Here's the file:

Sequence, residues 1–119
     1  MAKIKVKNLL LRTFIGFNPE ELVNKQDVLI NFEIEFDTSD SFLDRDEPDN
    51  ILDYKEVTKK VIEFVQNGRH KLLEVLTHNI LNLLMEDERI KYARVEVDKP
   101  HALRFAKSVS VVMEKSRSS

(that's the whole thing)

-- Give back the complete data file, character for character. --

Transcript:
Sequence, residues 1–119
     1  MAKIKVKNLL LRTFIGFNPE ELVNKQDVLI NFEIEFDTSD SFLDRDEPDN
    51  ILDYKEVTKK VIEFVQNGRH KLLEVLTHNI LNLLMEDERI KYARVEVDKP
   101  HALRFAKSVS VVMEKSRSS